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Jazzing It Up


Casey Dexter
Arizona Daily Wildcat

Junior Joanna Zepeta, freshman Claire Hancock and senior Rachael Ashley practice for "Jazz in America." The dance majors' performance is part of the Arizona Jazz Dance Showcase.

By Brett Gerlach
Arizona Daily Wildcat,
September 27, 1999

With the talent of our own faculty and guest choreographers visiting from as far away as Switzerland, the UA Dance department is sure to kick into full swing Thursday night with yet another Arizona Jazz Dance Showcase.

The event begins Thursday night with the "Jazz in Arizona" dance concert which is open to both students and the public. The performance is only one part of the Arizona Jazz Dance Showcase. Dancers and choreographers from various dance schools, dance companies and colleges around the country will be coming to the University of Arizona for several performances and discussions.

The showcase is the brainchild of Dance department head Jory Hancock and faculty members Susan Quinn and Michael Williams. Eight years ago, when this jazz tradition at the UA began, there were only 88 participants. Since then, the event has danced its way up to the 750 participants that will be expected this coming weekend.

The UA has rightfully earned its spot as host of such a prestigious event. Many faculty members belonging to the Dance department have either danced professionally themselves or have been in the business for close to 30 years. The UA is also a pioneer of jazz programs, as it is one of the only universities in the nation to have such an extensive jazz program.

According to co-founder Susan Quinn, jazz is known as one of the most entertaining dance forms around. However, it has been shunned in the past because jazz, which took form in 1919, has not been performed as long as more traditional dance forms, such as ballet.

A university jazz program is as unique as the dance itself, and with the help of the showcase, the UA's Dance department is certainly keeping on its toes. Quinn claims that as many as 10 other universities are developing their jazz programs to compete with the University of Arizona's impressive ranking. The competition is even tougher, however, for performers wishing to gain a spot to twirl and pirouette on stage this weekend. Friday night's invitational, open to showcase participants only, features only dancers Quinn has pre-auditioned from the multitude of tapes she has received in planning this event.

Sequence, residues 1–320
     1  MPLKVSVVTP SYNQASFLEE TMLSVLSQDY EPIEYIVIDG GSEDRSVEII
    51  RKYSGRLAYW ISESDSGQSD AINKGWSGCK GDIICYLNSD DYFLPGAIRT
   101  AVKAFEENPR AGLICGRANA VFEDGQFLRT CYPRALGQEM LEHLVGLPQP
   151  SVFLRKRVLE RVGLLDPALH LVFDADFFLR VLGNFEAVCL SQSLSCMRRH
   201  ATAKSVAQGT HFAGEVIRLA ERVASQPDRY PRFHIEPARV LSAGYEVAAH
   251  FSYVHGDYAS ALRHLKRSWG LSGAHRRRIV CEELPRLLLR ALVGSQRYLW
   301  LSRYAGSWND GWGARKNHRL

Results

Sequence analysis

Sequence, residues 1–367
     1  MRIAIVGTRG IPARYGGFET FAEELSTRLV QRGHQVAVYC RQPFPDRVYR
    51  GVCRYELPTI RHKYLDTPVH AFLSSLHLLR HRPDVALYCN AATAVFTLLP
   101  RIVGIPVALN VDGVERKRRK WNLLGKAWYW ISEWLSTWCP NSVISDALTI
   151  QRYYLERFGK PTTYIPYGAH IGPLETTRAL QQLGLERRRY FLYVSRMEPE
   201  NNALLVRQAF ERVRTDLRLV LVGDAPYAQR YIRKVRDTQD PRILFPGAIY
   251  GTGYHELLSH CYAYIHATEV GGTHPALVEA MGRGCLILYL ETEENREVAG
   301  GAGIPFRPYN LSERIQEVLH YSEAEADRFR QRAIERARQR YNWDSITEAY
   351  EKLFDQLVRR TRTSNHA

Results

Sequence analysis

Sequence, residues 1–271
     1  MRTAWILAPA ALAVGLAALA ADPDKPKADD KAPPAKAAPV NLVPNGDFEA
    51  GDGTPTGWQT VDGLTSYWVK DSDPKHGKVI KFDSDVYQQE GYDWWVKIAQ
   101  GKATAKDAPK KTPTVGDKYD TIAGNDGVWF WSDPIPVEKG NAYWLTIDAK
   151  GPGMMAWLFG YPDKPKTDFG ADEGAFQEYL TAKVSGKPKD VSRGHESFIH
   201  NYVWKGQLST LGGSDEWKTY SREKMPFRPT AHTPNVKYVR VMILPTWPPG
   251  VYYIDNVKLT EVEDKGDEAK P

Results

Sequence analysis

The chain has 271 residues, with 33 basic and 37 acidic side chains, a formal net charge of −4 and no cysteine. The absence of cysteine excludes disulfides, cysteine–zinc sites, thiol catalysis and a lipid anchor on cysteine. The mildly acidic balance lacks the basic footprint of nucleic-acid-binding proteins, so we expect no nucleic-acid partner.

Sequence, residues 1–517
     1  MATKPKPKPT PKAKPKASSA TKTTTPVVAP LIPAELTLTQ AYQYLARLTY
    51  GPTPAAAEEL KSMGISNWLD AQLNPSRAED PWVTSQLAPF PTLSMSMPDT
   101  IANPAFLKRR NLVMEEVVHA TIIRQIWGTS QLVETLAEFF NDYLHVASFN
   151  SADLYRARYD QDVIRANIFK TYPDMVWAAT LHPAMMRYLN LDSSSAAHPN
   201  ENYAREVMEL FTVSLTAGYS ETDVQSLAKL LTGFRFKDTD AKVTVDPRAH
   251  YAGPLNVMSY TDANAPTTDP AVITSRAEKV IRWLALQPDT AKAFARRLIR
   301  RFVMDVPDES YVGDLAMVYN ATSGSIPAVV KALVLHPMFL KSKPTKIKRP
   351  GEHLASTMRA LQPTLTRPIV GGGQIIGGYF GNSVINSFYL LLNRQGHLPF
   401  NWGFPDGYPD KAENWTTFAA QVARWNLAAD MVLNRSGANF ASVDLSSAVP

Thursday's performance, however, will feature pieces choreographed by both the University of Arizona and visiting faculty.

There is no specific agenda for what mood may dance its way out onto the floor this Thursday night. There will be comedy pieces choreographed by both guest artist Dana Fykerud from Switzerland and Sam Watson, the UA's latest addition to the Dance department. Also expected to keep the mood light is Michael Williams' 008, a dance that will prove enjoyable to James Bond fans.

In contrast to these lighter pieces, St. Theresa, a dance piece choreographed by Susan Quinn, is a much more lyrical work focusing on a woman going through hard times. The dance features her constant tug of war between relying on the support of her friends and trusting her own independence. Each woman's different personality is represented on the dance floor with the unique emotions and movement of each dancer. Both the extremely powerful music and the emotional expression of the dancers gives the audience a sense of dance and theatrical performance combined into one.

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